Their party vote is to elect 56 ‘additional members’, 7 regional MSPs from each of the 8 parliamentary regions. Parties are allocated a number of ‘additional members’ proportional to their vote share, and MSPs are selected from lists compiled by the parties.
The system is partially designed to encourage coalitions as overall majorities are far harder to achieve, as well as improving representation from smaller parties, like the Greens.
This means Alex Salmond’s new Alba party will stand candidates for the regional lists, but not in any constituency ballots. There’s already 32 candidates on the list, including Salmond himself standing for North East Scotland. They will seek to make it harder for the SNP to achieve an overall majority in parliament, by seeking to add additional members from the Alba party.
Campaigning for the Scottish elections has started this week, with a live TV debate held on Tuesday. The leaders included First Minister Nicola Sturgeon from the SNP, new Labour leader Anas Sarwar (elected last month), Conservative Douglas Ross, Liberal Democrat Willie Rennie and Green Lorna Slater.
The leaders agreed to tackle abusive any abusive behaviour in their parties, to which Douglas Ross cited independence as a key division and accused Labour of not understanding the 'threat we’re facing'. Sarwar reminded Ross that Labour doesn’t support a second referendum and told him to 'grow up'.
Post-debate analysis has placed Sarwar as performing the best, whilst Sturgeon appeared tired. The main issues were Scottish independence and how to recover from the pandemic, alongside traditional issues of health, education and the environment.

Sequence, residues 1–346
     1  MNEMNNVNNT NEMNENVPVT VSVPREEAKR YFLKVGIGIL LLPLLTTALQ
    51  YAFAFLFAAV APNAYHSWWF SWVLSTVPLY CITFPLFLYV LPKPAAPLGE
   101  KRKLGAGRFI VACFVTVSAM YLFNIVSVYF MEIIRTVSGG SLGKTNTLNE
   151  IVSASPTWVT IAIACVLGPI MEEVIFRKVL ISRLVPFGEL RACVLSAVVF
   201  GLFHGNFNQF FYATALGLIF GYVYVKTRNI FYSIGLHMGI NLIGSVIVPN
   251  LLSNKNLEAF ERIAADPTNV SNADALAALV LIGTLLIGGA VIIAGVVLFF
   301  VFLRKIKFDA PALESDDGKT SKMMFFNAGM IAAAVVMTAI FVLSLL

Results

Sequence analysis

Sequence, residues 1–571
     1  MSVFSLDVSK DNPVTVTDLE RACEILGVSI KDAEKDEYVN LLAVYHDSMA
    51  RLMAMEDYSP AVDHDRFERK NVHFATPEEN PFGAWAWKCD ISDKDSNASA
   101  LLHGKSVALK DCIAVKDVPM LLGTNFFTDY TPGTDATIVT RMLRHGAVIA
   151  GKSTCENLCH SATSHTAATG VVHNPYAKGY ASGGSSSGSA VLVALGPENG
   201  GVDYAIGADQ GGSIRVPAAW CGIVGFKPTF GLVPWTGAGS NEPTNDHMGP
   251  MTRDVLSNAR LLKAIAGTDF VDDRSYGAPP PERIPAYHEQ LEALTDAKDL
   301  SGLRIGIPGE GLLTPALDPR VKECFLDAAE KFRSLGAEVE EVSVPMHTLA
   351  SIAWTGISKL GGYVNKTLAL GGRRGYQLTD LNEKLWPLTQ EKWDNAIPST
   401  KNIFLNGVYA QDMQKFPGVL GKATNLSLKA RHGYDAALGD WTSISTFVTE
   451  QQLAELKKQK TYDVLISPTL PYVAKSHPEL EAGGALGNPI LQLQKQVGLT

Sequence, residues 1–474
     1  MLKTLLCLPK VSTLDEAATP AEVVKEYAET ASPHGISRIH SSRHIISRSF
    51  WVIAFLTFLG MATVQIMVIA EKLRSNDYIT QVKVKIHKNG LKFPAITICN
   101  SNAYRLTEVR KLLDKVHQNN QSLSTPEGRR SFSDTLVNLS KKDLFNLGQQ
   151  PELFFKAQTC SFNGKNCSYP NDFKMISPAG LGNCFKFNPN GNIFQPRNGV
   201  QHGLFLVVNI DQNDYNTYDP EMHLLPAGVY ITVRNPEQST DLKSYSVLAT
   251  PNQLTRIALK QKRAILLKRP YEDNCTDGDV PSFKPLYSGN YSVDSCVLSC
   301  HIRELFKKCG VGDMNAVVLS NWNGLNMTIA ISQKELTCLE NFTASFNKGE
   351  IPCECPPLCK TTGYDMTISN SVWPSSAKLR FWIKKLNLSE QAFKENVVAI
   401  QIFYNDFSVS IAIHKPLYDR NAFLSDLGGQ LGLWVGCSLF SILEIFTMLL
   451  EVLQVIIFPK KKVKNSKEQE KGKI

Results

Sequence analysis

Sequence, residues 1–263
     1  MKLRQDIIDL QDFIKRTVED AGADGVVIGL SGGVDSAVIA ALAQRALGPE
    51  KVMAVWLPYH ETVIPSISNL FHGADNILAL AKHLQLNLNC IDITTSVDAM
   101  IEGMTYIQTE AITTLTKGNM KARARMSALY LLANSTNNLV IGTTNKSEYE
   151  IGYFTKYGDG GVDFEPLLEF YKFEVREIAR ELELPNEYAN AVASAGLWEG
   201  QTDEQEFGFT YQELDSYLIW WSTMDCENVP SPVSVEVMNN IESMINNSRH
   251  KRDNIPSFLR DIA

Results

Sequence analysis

Tories under Scrutiny
There have also been stories this week of possible corruption within the Tory party. Last weekend, The Sunday Times led with a story on former Prime Minister David Cameron profiting from a banking deal.
In 2012, Cameron and his unpaid advisor, Lex Greensill, devised a policy for government backed loans to help smaller firms pay bills. This scheme greatly benefitted Greensill’s company, which Cameron went on to work for after leaving office.
The company, Greensill Capital, collapsed last year, but Cameron had reportedly asked the treasury to give emergency funding using tax-payer money. Cameron was investigated for breaking lobbying rules but cleared.
However, the former PM has been criticised for cashing in his expertise, with many arguing for greater scrutiny over the relationship between government and big business.
This comes as PM Boris Johnson faces questions about a four-year affair US businesswoman Jennifer Arcuri has alleged. Arcuri was given thousands of pounds of public money from London and Partners, (L&P), the mayor of London’s promotional agency, during Johnson’s stint as mayor. Johnson did not register a conflict of interest, leading him to face the London assembly oversight committee later this year as part of an existing inquiry into the allegations.
Last year, the Independent Office for Police Conduct criticised Johnson for not declaring interest in Arcuri, which could have breached the ‘Nolan Principles’; the ethical standards public office holders must follow.
Going into next week, there will no doubt be more debate on the Scottish elections, as well as the relaxing of covid restrictions in place since Christmas.